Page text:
Since every neighborhood in the city has its own dark history, you can follow any part of Cultural Tourism DC’s African American Heritage Trail. It meanders through the city with over 200 significant sites to observe and learn along the way.
Learn about the history as you stroll through the park
Even a stroll through city parks will reveal important nuggets of DC’s black history. Lincoln Park on Capitol Hill is a prime example, where you’ll find the now controversial Freedmen’s Memorial, or Emancipation Memorial, first unveiled in 1867. The statue depicts President Lincoln symbolically freeing a black man who kneels before him.
“Even though people have mixed feelings about the statue itself because of the kneeling slave, the newly freed black community did a lot to raise funds, and Frederick Douglass even spoke at the groundbreaking ceremony,” says Navis.
Another statue dedicated to civil rights activist Mary McLeod Bethune is also located in the park, so “there’s a lot right there,” Navis says.
Most Washingtonians have spent an afternoon picnicking or walking their dogs in what is known as Meridian Hill Park, but some may not be aware that the popular park is also known as Malcolm’s. X Park, named by the community after the activist’s assassination. Navis recommends visiting the park during the warmer months, when African drummers regularly gather in a circle in the afternoons to play cheerful music.
For those looking to get active, try following the bike path through Marvin Gaye Park, named after the music legend. On the side of the park, you’ll find the Riverside Healthy Living Center, DC’s first comprehensive community food center aimed at supporting the local community. The space was once home to the Crystal Room nightclub, where Gaye got his musical debut.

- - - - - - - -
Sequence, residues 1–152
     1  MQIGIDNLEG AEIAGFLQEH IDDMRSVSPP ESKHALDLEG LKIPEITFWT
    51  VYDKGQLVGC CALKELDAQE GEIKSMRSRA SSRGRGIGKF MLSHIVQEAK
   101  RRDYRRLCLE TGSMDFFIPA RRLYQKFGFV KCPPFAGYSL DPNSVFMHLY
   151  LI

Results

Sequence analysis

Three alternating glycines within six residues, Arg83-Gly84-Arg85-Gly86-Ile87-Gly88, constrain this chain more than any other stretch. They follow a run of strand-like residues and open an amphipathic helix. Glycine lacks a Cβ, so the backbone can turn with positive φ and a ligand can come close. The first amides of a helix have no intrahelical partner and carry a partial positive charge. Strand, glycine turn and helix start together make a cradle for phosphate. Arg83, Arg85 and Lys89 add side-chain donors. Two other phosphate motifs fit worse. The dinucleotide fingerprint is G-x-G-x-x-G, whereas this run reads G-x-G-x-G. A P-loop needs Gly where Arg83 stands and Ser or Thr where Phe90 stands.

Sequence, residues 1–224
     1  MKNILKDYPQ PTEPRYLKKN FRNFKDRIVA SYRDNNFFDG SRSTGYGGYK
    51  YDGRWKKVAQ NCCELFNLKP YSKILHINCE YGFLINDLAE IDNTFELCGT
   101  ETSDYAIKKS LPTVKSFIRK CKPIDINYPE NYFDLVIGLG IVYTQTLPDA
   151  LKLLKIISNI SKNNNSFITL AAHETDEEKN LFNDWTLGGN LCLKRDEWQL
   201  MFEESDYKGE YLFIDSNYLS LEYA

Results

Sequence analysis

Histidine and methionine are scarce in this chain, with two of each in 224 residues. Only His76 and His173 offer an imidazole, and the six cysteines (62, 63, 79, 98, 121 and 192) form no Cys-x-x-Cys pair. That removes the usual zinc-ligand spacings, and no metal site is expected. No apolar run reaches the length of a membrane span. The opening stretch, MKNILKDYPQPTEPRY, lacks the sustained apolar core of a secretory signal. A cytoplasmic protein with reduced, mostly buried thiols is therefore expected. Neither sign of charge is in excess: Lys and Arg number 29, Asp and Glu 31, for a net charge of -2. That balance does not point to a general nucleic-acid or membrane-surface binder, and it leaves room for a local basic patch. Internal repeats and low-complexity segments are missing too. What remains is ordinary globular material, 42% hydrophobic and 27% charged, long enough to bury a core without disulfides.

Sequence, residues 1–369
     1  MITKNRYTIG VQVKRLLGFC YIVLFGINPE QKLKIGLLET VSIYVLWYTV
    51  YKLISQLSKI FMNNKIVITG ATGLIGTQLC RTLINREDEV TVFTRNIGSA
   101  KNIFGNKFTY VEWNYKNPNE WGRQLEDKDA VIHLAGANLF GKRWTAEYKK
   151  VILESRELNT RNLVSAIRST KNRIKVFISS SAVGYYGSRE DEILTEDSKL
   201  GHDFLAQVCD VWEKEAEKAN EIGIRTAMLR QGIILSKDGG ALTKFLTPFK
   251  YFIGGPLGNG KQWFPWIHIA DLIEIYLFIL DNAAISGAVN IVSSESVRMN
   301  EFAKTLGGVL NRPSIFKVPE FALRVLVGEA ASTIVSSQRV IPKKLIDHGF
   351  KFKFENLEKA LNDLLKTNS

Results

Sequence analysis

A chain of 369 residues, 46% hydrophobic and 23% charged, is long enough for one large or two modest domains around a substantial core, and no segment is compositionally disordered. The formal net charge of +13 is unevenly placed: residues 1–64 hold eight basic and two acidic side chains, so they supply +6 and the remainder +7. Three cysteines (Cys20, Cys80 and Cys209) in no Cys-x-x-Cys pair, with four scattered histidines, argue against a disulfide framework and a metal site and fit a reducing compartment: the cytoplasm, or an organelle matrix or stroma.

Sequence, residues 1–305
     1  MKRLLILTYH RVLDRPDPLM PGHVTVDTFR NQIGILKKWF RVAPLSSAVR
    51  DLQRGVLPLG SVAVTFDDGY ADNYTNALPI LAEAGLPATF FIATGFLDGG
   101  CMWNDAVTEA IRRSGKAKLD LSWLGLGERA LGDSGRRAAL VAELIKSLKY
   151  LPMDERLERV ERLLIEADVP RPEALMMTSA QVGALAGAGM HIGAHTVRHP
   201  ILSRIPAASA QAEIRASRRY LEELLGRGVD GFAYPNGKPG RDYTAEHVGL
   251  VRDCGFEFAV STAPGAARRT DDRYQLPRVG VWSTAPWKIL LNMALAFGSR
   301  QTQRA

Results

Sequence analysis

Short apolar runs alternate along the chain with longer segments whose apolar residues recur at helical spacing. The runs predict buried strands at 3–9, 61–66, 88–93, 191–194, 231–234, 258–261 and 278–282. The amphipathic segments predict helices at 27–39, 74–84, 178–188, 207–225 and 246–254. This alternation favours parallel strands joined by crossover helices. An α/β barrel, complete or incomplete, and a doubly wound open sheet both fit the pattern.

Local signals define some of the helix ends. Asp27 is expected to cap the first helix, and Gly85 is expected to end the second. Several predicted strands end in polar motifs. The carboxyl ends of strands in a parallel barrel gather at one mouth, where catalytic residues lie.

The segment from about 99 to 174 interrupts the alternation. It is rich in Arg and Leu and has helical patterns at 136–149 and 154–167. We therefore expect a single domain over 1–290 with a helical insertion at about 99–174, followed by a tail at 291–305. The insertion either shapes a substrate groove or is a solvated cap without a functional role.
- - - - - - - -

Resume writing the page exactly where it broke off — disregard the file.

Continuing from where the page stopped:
Galleries, museums and monuments
If there wasn’t already enough to see and do on U Street, there’s also the African American Civil War Museum, which Navis suggests visiting in addition to the nearby African-American Civil War Memorial. The memorial features a bronze statue and semicircular wall that lists the names of 209,145 United States Colored Soldiers who fought for freedom in the American Civil War.
Navis said that when she visited, she was able to locate several names of her own ancestors on this wall. For those wishing to delve deeper into the ancestry, the historian recommends a trip to National Archives when it reopens to the public.
“What’s great about being in DC is having access to the National Archives, which houses all of this source material – all of these resources where people can find out about their ancestors who, for example, may have fought for civil war,” she said. . “They have pension records right there which, in my case, had my great-great-grandmother’s actual handwriting. So that kind of thing is here in Washington, DC.
Another perk of living in (or visiting) DC is the wealth of museums to explore, such as the Smithsonian Institution’s Anacostia Community Museum. There, a collection of over 6,000 artefacts dating back to the early days of the city is housed. The Anacostia neighborhood is also the former home of Frederick Douglass, and today you can visit his residence, Cedar Hilland tour the 21-bedroom Victorian mansion while learning about its life as an activist.
Another iconic activist, Martin Luther King, Jr., has a dedicated memorial sitting on four acres near the National Mall that is a must-see. The city’s first memorial to honor a man of color – it features a 30ft statue of the visionary as well as a wall of inscription with some of Dr. King’s most iconic quotes.
Navis also recommends, of course, a trip to National Museum of African American History and Culture. Part of the Smithsonian Institute, the museum was established by an act of Congress in 2003 and is the only national museum exclusively dedicated to understanding and honoring the black American experience.
“The museum’s presence is historic because it’s a place where people from across the country, and around the world, can come and access all of this important information in one place,” says Navis. “Wherever you look, at the museum or elsewhere, there will be a story tied to African American history and culture.”